cannibalizing conflicts

Missed Part I? Get it here.

5. Venting—to people who aren’t part of the solution. Widening the circle of knowledge about a conflict to include people who aren’t going to lead you toward reconciling or problem-solving is often putting a label of “authenticity” on damaging another person’s reputation and their relationship with your friend, and furthering resentment, discord, and emotional distance (remember, our own words change us). In short, they’re not encouraging us toward unity and wise problem-solving, but isolation.

Be choosy about who you open up to about your conflicts, in order to protect your relationship and the person you’re in conflict with (returning a blessing for an insult)—just like you’d like them to be choosy in whom they talk with. (P.S. When you do wrap up a conflict with a friend, let the people you talked to know about how it turned out, so their frustration can be resolved, too.)

6. Letting “I want” become “I must have”. Take time to get down to the fears, values, and hurts that are driving your anger—which, remember, is a secondary emotion (the primary emotions often being fear, hurt, or embarrassment). Peacemakers keenly explains the birth of the “idols” in us: those desires that morph to become more important than people, replacing what only God is to satisfy in us. Desires morph into demands, which becomes judgment—and all idols deserve sacrifices. We put our relationships on the chopping block for what we crave.
This can only find true resolution by being satisfied by what our soul truly longs for: satisfaction in the one Person who won’t disappoint us, with whom we are finally satisfied . Getting honest about the core needs fueling our frustration can help us treat it, beginning at the source.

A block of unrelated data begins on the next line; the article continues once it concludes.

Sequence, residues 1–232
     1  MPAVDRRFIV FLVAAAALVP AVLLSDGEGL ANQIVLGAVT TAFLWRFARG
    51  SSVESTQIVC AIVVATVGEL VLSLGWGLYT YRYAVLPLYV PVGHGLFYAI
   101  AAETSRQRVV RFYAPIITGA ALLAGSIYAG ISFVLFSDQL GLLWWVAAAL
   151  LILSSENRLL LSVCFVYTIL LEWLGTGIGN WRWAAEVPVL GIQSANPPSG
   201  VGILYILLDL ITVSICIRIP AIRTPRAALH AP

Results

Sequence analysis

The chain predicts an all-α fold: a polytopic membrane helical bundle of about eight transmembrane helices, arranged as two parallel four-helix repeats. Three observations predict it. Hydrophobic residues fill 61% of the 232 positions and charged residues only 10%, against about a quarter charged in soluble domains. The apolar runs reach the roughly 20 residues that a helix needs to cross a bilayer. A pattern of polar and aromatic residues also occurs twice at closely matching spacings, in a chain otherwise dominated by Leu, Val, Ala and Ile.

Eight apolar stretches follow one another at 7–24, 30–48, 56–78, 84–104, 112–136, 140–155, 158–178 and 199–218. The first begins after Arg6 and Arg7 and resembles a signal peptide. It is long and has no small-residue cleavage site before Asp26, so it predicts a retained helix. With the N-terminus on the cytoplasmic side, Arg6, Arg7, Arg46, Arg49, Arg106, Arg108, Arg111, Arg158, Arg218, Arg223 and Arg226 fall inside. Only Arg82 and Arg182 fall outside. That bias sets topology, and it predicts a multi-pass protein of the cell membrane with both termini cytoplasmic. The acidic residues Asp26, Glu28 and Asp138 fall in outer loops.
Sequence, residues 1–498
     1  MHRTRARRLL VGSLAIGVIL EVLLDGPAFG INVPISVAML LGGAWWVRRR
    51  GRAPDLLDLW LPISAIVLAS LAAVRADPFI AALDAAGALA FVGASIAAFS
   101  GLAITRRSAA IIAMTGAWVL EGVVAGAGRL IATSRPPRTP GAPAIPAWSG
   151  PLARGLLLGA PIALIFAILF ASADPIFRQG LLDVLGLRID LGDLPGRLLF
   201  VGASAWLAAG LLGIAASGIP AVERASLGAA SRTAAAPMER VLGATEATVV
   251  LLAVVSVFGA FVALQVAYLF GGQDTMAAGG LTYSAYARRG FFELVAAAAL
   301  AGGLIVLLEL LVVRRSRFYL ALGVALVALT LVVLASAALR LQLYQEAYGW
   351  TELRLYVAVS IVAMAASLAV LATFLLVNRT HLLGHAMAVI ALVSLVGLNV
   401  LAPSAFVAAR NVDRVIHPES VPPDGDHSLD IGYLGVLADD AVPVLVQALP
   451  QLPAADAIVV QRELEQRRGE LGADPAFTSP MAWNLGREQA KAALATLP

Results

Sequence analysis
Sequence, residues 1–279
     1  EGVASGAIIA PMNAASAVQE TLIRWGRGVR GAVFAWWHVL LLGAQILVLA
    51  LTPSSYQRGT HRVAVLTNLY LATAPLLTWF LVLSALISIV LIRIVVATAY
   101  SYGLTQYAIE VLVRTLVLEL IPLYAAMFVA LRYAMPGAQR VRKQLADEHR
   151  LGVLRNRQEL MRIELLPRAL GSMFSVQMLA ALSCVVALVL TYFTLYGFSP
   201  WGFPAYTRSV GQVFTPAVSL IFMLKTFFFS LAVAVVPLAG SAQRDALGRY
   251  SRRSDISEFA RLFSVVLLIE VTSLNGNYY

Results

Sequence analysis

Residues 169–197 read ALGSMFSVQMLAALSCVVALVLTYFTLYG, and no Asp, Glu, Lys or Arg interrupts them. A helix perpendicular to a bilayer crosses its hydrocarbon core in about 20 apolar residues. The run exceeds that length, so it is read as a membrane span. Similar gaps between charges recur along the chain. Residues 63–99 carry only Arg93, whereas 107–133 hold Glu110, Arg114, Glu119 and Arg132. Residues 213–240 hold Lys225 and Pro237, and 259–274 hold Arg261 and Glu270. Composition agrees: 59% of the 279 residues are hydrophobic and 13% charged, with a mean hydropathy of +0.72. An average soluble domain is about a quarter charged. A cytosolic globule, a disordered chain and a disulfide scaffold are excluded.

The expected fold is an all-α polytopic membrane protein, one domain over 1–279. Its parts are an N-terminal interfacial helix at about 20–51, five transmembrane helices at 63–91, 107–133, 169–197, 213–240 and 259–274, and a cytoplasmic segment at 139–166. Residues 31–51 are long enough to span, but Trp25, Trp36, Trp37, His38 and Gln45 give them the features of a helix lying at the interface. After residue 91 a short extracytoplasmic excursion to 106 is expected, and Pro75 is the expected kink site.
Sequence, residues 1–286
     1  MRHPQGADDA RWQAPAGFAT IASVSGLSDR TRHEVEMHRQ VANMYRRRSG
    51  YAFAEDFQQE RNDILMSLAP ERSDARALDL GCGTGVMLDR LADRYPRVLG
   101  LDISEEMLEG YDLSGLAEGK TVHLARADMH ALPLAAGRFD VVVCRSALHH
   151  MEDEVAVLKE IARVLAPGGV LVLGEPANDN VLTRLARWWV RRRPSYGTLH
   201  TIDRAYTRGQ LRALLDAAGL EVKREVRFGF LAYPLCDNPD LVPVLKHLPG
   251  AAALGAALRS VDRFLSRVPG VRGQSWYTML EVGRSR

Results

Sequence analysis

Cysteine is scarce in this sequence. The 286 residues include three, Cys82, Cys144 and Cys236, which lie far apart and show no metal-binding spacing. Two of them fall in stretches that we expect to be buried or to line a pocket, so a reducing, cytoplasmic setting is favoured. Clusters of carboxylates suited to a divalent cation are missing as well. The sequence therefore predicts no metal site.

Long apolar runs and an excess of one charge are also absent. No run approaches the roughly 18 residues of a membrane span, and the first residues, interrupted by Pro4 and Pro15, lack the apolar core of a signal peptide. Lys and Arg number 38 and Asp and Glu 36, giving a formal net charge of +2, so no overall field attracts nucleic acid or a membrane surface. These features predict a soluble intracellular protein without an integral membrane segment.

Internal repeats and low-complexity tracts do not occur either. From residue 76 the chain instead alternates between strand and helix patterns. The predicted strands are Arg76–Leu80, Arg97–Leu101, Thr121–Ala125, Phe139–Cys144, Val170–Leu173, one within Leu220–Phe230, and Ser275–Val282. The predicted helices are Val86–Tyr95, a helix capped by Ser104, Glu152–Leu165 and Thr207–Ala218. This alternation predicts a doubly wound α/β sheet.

7. Mistaking honesty for love. Truth and love aren’t mutually exclusive. Telling someone “I’m just telling the truth” or “I’m just being honest” can often give us a lame excuse for not speaking the truth in love. Directness is fine. But make sure you check your kindness and gentleness, too. Are you creating an environment where a person feels the security and care to eventually want to change—or where they feel ambushed and defensive?

8. Not seeing the signs. Are you setting your conflict up for success in light of all the other stressors in that person’s life? Interrupting the football game or stomping in after work or erupting after weeks of bottled frustration—all the “hows” of your approach—may keep you from the “who” and the “whats” that are precious to you.

9.Going up the food chain. Involving people above that person in authority (bosses, pastors, etc.) before going to them first invites shame into your conflict. Though in some circumstances it’s appropriate (circumstances involving deceit, personal harm, etc.), true resolution and change is often helped by a person not feeling like they’re sacrificing their dignity.

If you like it, please share it! (And consider subscribing up there in the right hand corner.)